Gene found the answer in Nordlingen. During a visit to the town in 1960 he became fascinated by the stones of St Georg’s Church in the centre of the town. He immediately realised that the church walls contained coesite, a material only created as a result of a massive meteorite impact. The rock had been mined locally from the Ries. This lead to a simple, stark conclusion. The Ries had been formed as a result of a gigantic meteor impact. “It was the first big impact crater on the Earth that we could prove was an impact crater, and that just changed the whole ballgame”, said Shoemaker.
Here is what we know. 15 million years ago, two large objects, one measuring up to 1km in diameter, crashed into southern Germany. The large object hit Nordlingen. Hitting the ground at a speed of 45,000 km per hour, it punched a hole 4km deep into Earth’s crust, vaporising on impact. The surrounding rocks were compressed to a quarter of their size by the impact and they responded with an explosion measuring 18,000 megatonnes of TNT, hundreds of times larger than the greatest nuclear bomb ever detonated on this planet. An enormous shock wave killed all living things for a hundred kilometers in every direction with devastating effects felt much further afield. A mushroom cloud 30km high was generated. Much of this cloud, composed of melted rock from deep within the crust, subsequently fell back to earth, covering the crater and the region around the Ries with a material known today as Suevite. The church of St Georg in Nordlingen is built from this material.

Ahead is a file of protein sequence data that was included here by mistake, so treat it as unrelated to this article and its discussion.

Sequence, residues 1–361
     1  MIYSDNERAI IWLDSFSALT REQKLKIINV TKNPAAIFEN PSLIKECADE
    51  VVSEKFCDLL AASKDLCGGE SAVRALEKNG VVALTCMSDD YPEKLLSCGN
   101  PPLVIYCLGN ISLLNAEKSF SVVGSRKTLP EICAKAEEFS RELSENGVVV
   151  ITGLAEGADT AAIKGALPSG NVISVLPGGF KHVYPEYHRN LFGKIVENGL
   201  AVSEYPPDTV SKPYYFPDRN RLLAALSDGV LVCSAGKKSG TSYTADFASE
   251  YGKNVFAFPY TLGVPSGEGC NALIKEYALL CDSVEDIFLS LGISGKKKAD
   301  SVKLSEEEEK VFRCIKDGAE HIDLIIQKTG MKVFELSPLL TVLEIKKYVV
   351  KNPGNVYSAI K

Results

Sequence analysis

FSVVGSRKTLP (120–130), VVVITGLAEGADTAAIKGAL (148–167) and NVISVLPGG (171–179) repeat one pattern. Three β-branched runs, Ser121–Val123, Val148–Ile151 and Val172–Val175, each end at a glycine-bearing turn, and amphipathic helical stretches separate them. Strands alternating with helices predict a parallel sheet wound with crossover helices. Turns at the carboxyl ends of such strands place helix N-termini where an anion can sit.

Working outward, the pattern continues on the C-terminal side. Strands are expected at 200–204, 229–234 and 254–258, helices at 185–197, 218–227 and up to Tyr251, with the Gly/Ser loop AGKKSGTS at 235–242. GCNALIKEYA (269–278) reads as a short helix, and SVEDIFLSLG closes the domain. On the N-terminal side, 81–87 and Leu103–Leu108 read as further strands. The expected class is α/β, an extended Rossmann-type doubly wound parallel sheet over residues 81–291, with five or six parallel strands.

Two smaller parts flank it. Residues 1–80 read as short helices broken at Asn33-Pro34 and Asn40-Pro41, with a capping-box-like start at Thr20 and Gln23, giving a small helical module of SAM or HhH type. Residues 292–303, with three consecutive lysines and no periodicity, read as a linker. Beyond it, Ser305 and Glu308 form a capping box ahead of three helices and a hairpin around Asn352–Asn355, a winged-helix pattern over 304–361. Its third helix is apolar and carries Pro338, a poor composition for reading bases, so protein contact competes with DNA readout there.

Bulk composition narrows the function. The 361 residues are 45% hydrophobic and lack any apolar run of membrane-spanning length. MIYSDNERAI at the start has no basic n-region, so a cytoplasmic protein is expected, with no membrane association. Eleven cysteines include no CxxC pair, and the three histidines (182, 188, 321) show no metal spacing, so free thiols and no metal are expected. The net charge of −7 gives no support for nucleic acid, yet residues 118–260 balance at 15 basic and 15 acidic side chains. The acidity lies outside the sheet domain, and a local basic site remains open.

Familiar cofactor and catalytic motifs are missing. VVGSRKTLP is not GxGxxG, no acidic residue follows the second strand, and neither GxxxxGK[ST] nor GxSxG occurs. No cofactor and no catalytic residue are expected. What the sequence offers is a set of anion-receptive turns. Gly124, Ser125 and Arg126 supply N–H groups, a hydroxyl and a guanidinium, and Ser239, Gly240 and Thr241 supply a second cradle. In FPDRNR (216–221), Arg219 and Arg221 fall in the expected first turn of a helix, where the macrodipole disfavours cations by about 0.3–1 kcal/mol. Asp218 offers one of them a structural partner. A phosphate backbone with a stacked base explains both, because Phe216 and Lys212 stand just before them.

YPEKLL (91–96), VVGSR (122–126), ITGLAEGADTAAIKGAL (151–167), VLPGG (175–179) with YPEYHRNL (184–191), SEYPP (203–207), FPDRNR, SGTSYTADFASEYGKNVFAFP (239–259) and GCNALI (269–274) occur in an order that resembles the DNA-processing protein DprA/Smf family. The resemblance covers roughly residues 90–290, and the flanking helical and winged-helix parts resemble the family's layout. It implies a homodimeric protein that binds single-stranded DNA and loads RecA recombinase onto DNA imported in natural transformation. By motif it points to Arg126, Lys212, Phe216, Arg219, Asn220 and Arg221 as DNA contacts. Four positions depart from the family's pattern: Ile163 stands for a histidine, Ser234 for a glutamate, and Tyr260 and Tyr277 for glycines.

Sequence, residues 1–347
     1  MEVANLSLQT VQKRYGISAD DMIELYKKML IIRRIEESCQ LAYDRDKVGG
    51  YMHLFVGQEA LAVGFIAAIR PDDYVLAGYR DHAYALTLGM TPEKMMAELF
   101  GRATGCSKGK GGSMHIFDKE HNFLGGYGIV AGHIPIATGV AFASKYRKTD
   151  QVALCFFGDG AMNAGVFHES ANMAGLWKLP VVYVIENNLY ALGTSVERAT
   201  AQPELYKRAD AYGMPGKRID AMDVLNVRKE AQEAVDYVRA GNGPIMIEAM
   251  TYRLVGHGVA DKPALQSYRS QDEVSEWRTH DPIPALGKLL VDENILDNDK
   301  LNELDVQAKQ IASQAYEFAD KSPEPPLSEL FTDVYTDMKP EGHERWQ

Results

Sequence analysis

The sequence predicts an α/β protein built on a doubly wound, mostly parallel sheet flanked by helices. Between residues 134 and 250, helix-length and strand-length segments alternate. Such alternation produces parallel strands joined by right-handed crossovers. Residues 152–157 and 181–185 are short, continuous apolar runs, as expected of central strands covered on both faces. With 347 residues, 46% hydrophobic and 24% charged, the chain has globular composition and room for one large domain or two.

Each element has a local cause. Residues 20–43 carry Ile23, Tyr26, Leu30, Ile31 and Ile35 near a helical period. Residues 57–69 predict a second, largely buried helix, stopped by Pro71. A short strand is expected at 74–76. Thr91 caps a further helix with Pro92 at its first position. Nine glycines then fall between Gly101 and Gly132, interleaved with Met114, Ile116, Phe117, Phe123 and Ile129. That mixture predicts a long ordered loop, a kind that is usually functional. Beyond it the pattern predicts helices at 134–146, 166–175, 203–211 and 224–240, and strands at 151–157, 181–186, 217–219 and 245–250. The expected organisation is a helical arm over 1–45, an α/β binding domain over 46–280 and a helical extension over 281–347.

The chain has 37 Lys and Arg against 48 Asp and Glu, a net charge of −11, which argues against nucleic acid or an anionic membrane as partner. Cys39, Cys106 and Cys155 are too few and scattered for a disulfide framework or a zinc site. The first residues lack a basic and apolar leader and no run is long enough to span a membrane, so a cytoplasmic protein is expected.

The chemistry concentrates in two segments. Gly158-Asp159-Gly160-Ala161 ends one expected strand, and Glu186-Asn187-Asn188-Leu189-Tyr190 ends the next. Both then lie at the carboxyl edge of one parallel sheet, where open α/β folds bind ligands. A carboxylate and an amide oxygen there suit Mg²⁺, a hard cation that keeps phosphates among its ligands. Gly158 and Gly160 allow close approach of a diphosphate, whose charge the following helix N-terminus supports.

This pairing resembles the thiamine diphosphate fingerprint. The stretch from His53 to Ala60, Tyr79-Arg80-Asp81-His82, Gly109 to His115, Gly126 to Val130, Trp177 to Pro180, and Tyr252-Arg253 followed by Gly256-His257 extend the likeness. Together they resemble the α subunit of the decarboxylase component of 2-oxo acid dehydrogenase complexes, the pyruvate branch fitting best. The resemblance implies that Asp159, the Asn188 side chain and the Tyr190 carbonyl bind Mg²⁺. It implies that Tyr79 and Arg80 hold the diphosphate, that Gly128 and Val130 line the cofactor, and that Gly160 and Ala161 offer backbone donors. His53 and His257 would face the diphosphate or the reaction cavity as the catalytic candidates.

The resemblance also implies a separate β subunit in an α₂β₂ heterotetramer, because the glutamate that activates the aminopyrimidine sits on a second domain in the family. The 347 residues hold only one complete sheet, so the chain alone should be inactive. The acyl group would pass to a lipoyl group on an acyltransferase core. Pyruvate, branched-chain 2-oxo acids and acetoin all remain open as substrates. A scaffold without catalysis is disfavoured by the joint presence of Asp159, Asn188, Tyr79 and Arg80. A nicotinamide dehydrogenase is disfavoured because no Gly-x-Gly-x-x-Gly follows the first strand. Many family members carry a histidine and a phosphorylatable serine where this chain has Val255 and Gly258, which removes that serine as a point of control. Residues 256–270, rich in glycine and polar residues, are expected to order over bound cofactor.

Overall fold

A massive amount of bedrock was ejected ballistically, forming rocks known as Bunte Breccia. The deepest rocks landed close to the impact zone while rocks close to the surface were hurled over great distances. Some limestone blocks have been found 70km from the crater while glassy rocks known as Moldavites have been discovered 400km away in the Czech Republic.
The 1km deep hole left by the impact became a lake and life returned to the Ries. Over time the lake itself became clogged with sediment and subsequent glaciations flattened out the region into the wide plain we see today.
A particularly good place to see the crater expanse is the Daniel, the steeple of the aforementioned St. Georg’s Church. From a height of 80 metres you can see in all directions the flat, fertile countryside with the hills forming the outer crater in the far distance.